November 2, 2012 12:15:54 PM
Carmen K. Sisson - email@example.com
Thursday morning, in downtown Columbus, an estimated 150 people gathered to bow their heads and pray in the YMCA gymnasium.
More than 1,000 miles away, in New York City, Bloomberg Businessweek published a story around the same time stating that of the $1 billion spent this election season on more than one million presidential campaign advertisements, the vast majority of the money was spent fueling rancor and division in an already-divided nation.
Is prayer the answer to healing those rifts, uniting the country in a search for common ground? Columbus' newly-formed "Christian Community in Prayer" group believes it is, and based upon a 2007 study by the Pew Forum on Religion and Public Life, most Mississippians would agree.
Mississippi ranked at the top of the nation's most religious states in the survey, with 82 percent of residents saying religion was an important part of their lives, and 91 percent saying they believe in God "with absolute certainty." The state also ranked at the top of people practicing their faith, with 77 percent of believers reporting they pray at least once a day -- well above the 58-percent national average.
Thursday's public prayer effort, an outgrowth of the National Day of Prayer, focused specifically upon Tuesday's general election, but organizers say it will become a quarterly event, designed to reinvigorate a disillusioned local populace.
It was God's idea, said Nell Bateman, who came up with the concept for the "Christian Community in Prayer" after watching attendance dwindle at the National Day of Prayer service.
At one time, as many as 400 people or more gathered at the Lowndes County Courthouse on the first Thursday in May to pray for the country. Two years ago, around 40 showed up, and all agreed something should be done to increase attendance. But last year, Bateman said, only 13 or 14 people were there.
As the months passed, she tried to fight a persistent feeling that she was the one being called to bring prayer back to the forefront of community life.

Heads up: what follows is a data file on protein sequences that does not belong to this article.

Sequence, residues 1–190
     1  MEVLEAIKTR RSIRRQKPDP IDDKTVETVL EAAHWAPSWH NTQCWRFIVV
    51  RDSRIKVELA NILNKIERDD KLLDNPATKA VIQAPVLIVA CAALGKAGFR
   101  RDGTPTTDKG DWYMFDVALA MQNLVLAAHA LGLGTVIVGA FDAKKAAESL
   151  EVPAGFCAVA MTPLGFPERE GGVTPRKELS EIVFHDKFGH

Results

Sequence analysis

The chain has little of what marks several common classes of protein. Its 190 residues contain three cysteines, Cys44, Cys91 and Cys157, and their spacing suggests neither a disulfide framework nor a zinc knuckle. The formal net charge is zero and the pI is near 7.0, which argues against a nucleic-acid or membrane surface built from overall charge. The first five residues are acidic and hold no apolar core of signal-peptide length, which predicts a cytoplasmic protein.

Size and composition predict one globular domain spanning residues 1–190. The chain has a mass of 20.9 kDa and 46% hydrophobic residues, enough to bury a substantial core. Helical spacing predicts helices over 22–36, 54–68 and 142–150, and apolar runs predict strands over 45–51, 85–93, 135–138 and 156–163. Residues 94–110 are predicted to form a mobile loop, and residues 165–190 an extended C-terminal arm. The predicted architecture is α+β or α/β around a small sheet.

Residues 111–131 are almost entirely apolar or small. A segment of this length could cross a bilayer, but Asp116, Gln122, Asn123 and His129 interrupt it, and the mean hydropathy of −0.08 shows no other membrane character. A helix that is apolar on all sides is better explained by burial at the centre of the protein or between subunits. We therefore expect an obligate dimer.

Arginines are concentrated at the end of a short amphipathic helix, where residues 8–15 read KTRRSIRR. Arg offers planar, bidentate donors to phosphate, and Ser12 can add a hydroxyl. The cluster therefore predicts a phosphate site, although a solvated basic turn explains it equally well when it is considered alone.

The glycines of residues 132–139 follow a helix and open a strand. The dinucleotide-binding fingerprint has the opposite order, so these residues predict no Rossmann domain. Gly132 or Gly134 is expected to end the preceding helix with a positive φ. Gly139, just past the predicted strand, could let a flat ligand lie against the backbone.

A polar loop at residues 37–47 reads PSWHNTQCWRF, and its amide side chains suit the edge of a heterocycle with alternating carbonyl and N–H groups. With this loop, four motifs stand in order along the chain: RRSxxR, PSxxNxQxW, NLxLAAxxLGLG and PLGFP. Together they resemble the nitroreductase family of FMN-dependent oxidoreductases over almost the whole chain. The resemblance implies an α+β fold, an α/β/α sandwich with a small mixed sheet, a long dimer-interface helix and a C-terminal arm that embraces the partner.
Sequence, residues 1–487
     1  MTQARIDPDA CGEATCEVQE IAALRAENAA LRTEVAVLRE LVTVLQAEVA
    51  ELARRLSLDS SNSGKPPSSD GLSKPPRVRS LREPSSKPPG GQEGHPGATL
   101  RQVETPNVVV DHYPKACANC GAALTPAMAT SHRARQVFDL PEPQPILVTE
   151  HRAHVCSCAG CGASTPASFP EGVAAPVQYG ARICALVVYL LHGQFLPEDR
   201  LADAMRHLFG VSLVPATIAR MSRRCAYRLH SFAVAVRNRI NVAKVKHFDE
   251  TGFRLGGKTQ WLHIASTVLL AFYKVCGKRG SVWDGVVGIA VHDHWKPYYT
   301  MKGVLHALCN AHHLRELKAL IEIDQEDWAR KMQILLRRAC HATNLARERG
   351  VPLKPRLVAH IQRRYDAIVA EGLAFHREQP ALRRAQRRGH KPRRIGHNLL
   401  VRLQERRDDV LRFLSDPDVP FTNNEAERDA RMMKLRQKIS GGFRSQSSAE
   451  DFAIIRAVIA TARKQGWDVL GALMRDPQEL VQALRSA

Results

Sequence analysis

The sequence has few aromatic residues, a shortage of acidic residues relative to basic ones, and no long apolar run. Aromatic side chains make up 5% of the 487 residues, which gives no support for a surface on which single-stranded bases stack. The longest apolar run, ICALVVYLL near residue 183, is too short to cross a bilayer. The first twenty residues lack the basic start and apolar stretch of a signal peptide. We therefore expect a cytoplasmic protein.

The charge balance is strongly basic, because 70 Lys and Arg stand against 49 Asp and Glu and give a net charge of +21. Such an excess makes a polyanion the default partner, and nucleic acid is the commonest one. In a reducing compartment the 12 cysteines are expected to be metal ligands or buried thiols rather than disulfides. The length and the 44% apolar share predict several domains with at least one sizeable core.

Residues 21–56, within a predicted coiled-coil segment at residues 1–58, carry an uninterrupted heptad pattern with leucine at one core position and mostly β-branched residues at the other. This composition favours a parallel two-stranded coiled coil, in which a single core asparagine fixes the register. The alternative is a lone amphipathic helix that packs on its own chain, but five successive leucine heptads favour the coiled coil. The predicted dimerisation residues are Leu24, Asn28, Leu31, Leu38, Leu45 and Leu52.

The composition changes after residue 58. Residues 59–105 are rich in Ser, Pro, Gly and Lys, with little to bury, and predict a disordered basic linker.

"It just kept coming to me, over and over," Bateman said. "In my quiet times of reading and studying the Word, things just kept coming to me. I'm not a stand-up-and-take-charge kind of person in church things. I have real heavy feet of clay, but for some reason, I couldn't get past this."
She turned to her pastor for advice. She told him she didn't feel like a "prayer warrior." She could not understand why God would lay such a responsibility on her heart.
Her pastor told her to call a committee meeting to gauge response. And at this year's National Day of Prayer, held May 3 at the courthouse, they distributed more than 500 programs to attendees.
The response was so positive, she and other committee members decided community-wide prayer events should be held on the first Thursday of February, May, August and November. The May events will coincide with the annual Day of Prayer.
It just so happened that this year, the fourth quarter meeting fell five days before the presidential election.
An angry nation
Bateman said this election season seems fraught with animosity, with much coming from the presidential campaigns, and statistics indicate there may be some substance to her supposition.